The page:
Neil Shearing at Capital Economics said that the most important factor has been the “stabilisation and then rebound in oil prices”, but added that the extent of the ruble’s earlier plunge was likely an overreaction in the first place.
Why has oil stabilized? The war in Yemen, and continued violence in other areas of the Middle East and North Africa, have temporarily raised prices. But this is only temporary. It’s a simple question of supply and demand, and since supply is outpacing demand, a trend which shows no signs of reversing, oil is not expected to rally for long. In fact, USA Today has just published an analysis that suggests that the U.S. is running out of places to store oil. Once oil reserves are at full strength, much of that oil will once again return to the market, potentially driving prices downward again.
The surplus oil goes into storage, with 8.2 million barrels stocked away last week, EIA figures released Wednesday show. Oil inventories are the highest in at least 80 years. The industry is using about 67% of the 520 million barrels of working storage capacity across the nation, up from 48% in early 2014. Much of the tanks are filled by traders who buy oil at today’s contract price of about $48 a barrel, store it, and sell futures contracts to deliver the crude in a year at higher price, turning a profit after paying storage costs.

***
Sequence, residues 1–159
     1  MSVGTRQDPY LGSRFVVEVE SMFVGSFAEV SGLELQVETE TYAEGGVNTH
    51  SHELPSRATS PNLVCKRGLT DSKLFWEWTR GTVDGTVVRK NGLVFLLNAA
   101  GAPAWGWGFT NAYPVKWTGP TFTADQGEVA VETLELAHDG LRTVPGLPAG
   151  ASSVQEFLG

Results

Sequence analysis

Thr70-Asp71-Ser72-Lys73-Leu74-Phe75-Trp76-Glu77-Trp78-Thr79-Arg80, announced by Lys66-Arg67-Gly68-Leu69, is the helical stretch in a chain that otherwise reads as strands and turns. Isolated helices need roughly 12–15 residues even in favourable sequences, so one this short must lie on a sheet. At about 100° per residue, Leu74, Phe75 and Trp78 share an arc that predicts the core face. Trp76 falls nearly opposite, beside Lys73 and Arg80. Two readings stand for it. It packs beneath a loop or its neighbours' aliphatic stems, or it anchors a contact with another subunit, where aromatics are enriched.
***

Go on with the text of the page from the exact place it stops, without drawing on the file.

In Cushing, Okla., the nation’s delivery point for such swaps, 80% of the region’s 71 million barrels of storage space is occupied, up from 24% in October. That means it’s close to effective capacity because a portion of the tanks is earmarked for moving oil in and out each day, while some is set aside for grades of crude that may not match customer needs.
“More oil is being stored (in Cushing) than ever before,” says Hillary Stevenson, manager of supply chain networks for Genscape, a research firm that surveys oil inventories. “They are getting very full.”
Brian Busch, Genscape’s director of oil markets, expects Cushing’s tanks to reach their limit by late April or early May.
— James Miller